To me, what makes creating web applications really exciting and much more interesting than creating traditional desktop software is that it’s built on a foundation (The Internet!) that is inherently primed and geared towards generating vibrant ecosystems regardless of distance. I believe it would be a terrible mistake (not to mention a rather ironic tragedy) to spend time creating software that is literally built on top of networks and then isolating yourself from everyone around you.
With Wufoo, we’ve been doing our best to leverage that potential as much as possible and it’s worked out really great for us. So many of the services we integrate with like PayPal, Campaign Monitor, FreshBooks, Highrise, MailChimp and Twitter are valued brands to our users. Because they are run by really incredible companies, one of the nice side effects of that is when those products improve our products are essentially improving by association.
One of the methods, we’re most excited about is our new WebHook implementation that will allow any developer or application to make a Wufoo form forward a HTTP POST of all the variables collected to any web page they specify. The idea behind WebHooks has been around since 2006, but they’re really starting to take off now because of how easy the spec is to make the magic happen between two services.
The Wufoo interface is very fun and playful (in terms of the typefaces, logo, design, language etc). Was this a very conscious decision or just a reflection of it’s creators?
Definitely, a bit of both.
We knew that we were not the only form builders in this space, so it was really important to us that the difference come out in the personality of the product in addition to its ease of use. In the beginning, we tried to look at other interfaces for inspiration, but we realized quickly that we weren’t going to learn much about how to make something easy from Microsoft Access or Infopath. I actually still don’t know how to use either software to create a form.
The inspiration for our color palette, though, did come from our competitors. Everyone else out there at the time was using either some variation of cubicle blue or corporate gray to brand their product or service. It was really depressing to see so much software out there designed to remind people they’re making databases in a windowless office and so we immediately knew we wanted to go in the opposite direction and use a lot of vibrant colors.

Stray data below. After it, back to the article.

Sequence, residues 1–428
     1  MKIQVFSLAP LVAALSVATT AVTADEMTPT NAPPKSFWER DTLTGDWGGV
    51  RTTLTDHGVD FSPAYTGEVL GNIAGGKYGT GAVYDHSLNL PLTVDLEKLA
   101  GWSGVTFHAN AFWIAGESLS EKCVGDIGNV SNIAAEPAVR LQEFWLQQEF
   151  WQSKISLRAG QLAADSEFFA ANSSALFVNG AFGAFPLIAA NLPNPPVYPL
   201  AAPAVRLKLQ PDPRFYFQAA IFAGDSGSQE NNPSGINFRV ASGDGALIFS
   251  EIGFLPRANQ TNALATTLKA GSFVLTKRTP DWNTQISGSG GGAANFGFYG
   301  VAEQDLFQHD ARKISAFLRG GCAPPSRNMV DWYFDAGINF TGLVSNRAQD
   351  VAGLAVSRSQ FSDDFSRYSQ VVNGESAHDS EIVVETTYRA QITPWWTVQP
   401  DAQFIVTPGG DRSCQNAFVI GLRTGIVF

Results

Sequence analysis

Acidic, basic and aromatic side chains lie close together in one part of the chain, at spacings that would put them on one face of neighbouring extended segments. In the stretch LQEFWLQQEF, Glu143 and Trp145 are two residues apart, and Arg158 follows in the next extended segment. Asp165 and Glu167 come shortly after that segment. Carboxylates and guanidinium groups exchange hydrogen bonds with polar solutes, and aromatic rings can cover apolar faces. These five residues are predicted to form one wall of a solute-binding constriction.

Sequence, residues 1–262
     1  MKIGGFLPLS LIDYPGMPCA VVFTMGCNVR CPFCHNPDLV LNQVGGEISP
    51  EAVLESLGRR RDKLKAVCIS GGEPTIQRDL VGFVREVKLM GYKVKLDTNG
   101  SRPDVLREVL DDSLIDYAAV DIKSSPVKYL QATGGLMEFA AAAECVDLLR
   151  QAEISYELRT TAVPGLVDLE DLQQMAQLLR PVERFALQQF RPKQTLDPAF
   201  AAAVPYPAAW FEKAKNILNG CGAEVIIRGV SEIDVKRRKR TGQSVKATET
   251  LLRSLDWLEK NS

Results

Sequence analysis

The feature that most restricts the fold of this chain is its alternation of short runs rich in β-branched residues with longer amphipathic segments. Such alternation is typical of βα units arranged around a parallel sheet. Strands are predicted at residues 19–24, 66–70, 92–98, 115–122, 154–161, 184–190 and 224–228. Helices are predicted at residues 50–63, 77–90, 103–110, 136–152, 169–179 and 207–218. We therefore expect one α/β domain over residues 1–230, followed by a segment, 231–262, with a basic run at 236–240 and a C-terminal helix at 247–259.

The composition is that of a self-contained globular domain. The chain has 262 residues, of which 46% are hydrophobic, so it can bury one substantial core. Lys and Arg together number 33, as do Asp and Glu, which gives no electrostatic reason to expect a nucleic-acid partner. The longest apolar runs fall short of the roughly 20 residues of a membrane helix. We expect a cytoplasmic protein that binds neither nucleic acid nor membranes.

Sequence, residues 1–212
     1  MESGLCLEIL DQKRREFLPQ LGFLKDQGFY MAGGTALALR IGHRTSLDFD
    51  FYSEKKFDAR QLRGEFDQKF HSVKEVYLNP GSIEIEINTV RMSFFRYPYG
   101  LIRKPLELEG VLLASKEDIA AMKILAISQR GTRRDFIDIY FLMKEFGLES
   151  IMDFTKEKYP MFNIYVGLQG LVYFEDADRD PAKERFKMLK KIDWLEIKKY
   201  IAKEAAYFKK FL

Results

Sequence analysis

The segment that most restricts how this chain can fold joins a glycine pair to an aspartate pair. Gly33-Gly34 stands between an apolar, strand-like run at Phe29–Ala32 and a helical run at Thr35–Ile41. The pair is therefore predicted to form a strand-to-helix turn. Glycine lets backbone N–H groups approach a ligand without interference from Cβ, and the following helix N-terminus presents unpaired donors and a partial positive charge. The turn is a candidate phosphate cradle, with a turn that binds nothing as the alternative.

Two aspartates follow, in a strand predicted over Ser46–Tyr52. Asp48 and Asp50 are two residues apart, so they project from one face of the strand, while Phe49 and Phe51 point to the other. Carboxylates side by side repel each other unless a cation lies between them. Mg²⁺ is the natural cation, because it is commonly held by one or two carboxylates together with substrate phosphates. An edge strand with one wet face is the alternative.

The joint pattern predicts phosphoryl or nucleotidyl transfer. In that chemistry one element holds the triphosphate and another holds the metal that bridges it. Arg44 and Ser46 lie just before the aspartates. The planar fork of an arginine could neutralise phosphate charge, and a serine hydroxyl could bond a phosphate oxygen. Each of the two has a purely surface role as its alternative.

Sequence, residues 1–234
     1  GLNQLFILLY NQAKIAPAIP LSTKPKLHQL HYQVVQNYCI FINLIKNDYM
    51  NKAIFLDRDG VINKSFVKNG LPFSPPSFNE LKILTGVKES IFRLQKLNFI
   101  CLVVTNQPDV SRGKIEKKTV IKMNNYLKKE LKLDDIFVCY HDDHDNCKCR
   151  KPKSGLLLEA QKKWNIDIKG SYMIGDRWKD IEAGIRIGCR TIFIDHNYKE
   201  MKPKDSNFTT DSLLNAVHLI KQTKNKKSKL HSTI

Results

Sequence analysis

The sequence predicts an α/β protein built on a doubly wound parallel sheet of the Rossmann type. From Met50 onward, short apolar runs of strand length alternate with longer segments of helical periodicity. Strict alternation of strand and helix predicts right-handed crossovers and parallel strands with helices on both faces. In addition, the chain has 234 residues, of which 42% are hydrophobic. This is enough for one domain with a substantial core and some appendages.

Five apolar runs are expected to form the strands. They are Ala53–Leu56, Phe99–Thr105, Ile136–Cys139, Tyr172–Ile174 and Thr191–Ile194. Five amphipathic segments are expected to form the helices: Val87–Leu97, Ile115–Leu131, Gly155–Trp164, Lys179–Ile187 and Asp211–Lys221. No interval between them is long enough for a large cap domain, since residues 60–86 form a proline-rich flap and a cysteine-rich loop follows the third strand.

My goal was to design Wufoo to feel like something Fisher Price would make. We were determined from the get go to make sure Wufoo wasn’t just going to be excellent at what it does, it was going to be fun, too.
As far as reflection goes, my background is fine arts-based, so my perspective on the Web is a bit different from most designers in the industry. I studied Digital Arts and Modern American English Literature at a very small private liberal arts college on the east coast of Florida.
The digital arts program was an interdisciplinary fine arts amalgam of computer science, art and music. Out of college I was into creative writing and electronic art. Graphic design, software interfaces, digital photography, video installations, sensor research, online storytelling, conceptual weirdness ‚ all of it excited me.
I initially was only interested in the Web as a medium for my art work, as an expression of myself. CSS was just a tool to help me express my ideas better. Yes, it separated my design information from my structural information‚ but I was mostly interested in the fact that it was easier for me to layer 57 pictures of robots on top of each other (I was very weird in college). To me, Wufoo was an opportunity to extend my experiments in that space–eliciting real emotions and the feeling of friendship through software.
As a subscriber to Treehouse (a downloadable web magazine) back in the day, I have always wondered why it stopped and if you have any plans to bring it back?
Well, you can thank Y Combinator and Wufoo for its discontinuation. Our goal with Treehouse was always to be a means to an end. When it was just the three of us and before there was even any hint of funding in the air, Chris, Ryan and I knew we wanted to make a company and make software around the ideas we had experimented with on our web development blog, Particletree. The problem was time and money.
Because I had a background in publishing and served as Editor-in-Chief of my college newspaper, I pitched to the guys that we could probably create a monthly PDF magazine about web development and use the revenues and time (I figured it should only take up 2 weeks a month to produce the thing if we developed the process correctly) to then make the software we always wanted to make.
We didn’t have a lot of money saved up at that time and so only Ryan and I quit our jobs to work on it full time while Chris kept his job in the government and split his paycheck with us. I worked out our editorial direction and design and Ryan built the digital download system.
All three of us had to solicit writers and write reviews and articles to fill up the 60 pages of content that we planned for each issue. I was responsible for the design content, Ryan was responsible for the programming content and Chris was responsible for the business content. It was actually a really scary and exciting time for us because it was a total gamble.
However, half way through our second issue, we found out that we were accepted by Y Combinator and that changed everything. What most people don’t realize during that period is that while we were working 16 hours a day building Wufoo out in California and trying to solicit funding, we also had to simultaneously create 4 more issues of Treehouse to fullfill the 6 month subscription obligations we promised to our readers. We were so exhausted by the end of it all that something had to give and it was, unfortunately, Treehouse.
We do, however, still have high hopes for the format and content we formulated with Treehouse and maybe, one day, it’ll be resurrected. You never know.